The Mid control works interactively with the High control. The more you crank the Mid the more it becomes like the sound of a parked wah, which was very inspiring for solo settings and will clear a lot of room in a crowded band mix. I kicked the amp up into more of an overdrive/lead tone so I could experiment with the Mid more and found that by pulling the High down it made the wah effect even more pronounced.
The Wah switch is a very cool and unique feature. You could easily get those classic Schenker sounds from UFO with the switch set to the left—or open wah—position. In the right—or depressed wah—position it pushes the high mids up for killer, searing lead tones. And I liked that by rolling off the volume on my guitar you could tame things pretty readily—one of the real bonuses of a lower-gain boost.
With a Strat the tones were even more varied than with my Epiphone. Going to the neck pickup seemed to be a natural choice with all the extra high end that was available. Backing off the High and pushing up the Mids in this configuration made the single coil sound more like humbuckers—perfect for a killer, early Billy Gibbons Texas tone that had just the right amount of skwonk. Even though the single-coils didn’t have the gain of the humbuckers it seemed that the balance was near perfect in terms of voicing choices and the ability to thicken up the sound as well as make it sharp, clear and articulated for chicken pickin’ licks.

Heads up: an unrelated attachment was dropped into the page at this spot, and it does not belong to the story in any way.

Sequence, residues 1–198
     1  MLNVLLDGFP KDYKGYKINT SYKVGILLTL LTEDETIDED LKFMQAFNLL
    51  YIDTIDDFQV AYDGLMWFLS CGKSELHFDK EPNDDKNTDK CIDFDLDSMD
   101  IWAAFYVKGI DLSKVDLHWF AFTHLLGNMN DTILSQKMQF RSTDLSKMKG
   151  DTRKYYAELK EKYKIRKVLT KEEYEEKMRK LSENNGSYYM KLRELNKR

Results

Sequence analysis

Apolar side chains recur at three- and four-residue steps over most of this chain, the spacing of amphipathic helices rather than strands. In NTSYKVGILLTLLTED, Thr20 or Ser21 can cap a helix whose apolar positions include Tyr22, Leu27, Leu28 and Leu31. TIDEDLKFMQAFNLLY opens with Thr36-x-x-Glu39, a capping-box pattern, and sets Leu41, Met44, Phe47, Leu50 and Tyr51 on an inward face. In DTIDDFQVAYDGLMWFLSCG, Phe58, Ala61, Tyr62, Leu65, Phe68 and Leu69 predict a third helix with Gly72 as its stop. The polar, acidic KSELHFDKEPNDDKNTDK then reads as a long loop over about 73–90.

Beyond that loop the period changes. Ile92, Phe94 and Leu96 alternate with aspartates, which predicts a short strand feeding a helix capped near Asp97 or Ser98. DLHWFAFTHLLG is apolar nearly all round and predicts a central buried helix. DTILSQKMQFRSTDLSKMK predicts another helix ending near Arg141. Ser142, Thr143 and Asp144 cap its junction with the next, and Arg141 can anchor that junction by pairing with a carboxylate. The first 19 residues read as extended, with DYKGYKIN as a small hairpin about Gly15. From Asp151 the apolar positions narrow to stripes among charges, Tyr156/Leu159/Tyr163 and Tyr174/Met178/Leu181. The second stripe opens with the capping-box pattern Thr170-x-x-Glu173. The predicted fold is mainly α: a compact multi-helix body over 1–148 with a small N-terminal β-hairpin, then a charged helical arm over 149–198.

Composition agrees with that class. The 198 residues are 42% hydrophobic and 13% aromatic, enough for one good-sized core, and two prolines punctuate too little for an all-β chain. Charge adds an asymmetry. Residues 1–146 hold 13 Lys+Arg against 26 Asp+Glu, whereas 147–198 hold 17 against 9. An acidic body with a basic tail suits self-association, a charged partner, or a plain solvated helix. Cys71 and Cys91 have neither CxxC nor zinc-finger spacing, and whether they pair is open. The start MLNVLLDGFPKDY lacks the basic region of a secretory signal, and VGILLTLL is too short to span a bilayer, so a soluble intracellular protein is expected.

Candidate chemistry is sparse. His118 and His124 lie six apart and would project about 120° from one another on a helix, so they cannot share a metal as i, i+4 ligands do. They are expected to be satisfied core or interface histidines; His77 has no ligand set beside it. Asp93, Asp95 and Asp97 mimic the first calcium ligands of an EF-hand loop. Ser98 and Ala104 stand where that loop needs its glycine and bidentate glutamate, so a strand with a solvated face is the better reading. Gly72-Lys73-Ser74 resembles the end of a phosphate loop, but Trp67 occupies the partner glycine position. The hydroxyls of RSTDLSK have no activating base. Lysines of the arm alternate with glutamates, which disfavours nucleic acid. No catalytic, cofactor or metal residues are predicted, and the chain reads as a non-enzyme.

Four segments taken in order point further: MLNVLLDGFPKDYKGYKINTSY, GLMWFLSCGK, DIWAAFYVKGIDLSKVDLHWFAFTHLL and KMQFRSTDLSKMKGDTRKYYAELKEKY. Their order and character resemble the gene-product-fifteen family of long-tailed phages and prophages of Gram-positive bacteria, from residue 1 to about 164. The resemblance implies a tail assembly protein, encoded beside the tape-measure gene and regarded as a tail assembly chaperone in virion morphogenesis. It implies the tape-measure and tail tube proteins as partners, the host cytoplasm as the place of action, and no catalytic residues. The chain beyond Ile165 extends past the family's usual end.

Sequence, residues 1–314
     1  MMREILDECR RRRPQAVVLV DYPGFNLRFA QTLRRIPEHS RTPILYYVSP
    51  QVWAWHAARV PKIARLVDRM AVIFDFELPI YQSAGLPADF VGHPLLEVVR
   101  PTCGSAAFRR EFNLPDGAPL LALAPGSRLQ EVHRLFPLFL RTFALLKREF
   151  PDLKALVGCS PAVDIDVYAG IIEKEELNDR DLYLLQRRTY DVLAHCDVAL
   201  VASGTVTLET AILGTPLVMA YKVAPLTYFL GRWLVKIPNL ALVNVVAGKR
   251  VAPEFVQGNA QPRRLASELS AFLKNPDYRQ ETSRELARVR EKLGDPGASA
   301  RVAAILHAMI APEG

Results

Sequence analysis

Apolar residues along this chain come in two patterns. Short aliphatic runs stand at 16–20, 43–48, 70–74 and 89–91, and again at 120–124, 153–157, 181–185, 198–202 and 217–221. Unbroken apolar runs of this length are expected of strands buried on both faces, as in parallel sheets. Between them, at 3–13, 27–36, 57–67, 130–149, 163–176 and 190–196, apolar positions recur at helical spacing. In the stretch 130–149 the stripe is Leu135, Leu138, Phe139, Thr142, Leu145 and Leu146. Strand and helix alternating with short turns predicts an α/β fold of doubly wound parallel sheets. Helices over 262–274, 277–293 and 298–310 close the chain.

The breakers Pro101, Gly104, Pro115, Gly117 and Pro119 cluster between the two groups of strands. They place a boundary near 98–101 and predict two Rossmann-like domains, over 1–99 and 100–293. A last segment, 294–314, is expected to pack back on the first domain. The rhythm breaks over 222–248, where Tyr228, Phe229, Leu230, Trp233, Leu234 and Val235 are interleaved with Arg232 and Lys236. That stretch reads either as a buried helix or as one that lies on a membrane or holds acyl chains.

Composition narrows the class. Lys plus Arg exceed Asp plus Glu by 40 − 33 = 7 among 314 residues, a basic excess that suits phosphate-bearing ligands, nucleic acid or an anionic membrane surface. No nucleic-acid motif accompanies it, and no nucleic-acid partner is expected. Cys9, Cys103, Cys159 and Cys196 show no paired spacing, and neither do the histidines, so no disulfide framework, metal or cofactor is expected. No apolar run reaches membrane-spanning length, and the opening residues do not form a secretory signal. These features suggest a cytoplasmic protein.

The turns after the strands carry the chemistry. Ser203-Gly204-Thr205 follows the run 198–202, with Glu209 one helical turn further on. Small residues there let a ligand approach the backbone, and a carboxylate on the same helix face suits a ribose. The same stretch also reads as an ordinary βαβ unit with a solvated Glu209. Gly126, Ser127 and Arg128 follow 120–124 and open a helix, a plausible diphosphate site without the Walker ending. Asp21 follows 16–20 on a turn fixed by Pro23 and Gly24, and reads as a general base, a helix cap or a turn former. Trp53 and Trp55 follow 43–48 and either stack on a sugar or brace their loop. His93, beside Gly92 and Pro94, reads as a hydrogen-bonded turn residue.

The more you crank the Mid the more it becomes like the sound of a parked Wah, which was very inspiring for solo settings and will clear a lot of room in a crowded band mix.
The loop is a novel addition and one I don’t see very often on pedals but it makes sense. I ended up throwing a Hartman Electronics Germanium Boost in the loop while set to Pre mode with devastating results. Knowing that distortion works best in the Pre mode, I took the liberty of trying out various fuzzes and octavers (Mutron Octave Divider and Hartman Octavia clone). With a flick of the switch I was able to get distortion ranging from huge to unruly depending on how much was going out of each pedal.
There is much to love about the Tight Boost—bulletproof construction, tonal flexibility, well thought out design touches and killer tone. Mr. Brown has made some truly inspired improvements to the boost pedal template—no mean feat. And I wouldn’t be surprised to see other makers copying these moves.
The convenience of parts like the magnetic battery compartment and battery switch reflect an awareness of what it’s like to use a pedal like this as a performing musician. And the loop with selectable pre and post points and ability to power the pedal from 6 to 18 volts really extend the usefulness of this box. Of course it all comes down to the sound. And in that respect, the Tight Boost definitely delivers in a big way.
you need a lower gain boost pedal with parked-wah tones and more tone tweaking power.
you need scads of gain from your boost.